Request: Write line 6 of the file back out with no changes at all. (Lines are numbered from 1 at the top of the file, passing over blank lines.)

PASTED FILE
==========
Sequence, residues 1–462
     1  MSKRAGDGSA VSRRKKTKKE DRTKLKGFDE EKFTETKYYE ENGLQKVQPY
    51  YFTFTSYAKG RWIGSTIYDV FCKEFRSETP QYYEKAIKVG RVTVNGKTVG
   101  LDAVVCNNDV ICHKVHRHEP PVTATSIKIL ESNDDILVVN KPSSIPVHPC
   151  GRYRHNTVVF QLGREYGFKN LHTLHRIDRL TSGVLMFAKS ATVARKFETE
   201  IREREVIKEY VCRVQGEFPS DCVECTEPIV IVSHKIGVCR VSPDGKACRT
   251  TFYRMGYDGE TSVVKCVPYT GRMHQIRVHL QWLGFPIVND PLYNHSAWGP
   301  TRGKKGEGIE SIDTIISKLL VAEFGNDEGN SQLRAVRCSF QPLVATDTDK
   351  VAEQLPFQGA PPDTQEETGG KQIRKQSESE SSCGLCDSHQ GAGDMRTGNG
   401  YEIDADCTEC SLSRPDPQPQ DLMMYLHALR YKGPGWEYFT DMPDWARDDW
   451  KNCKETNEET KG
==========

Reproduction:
   201  IREREVIKEY VCRVQGEFPS DCVECTEPIV IVSHKIGVCR VSPDGKACRT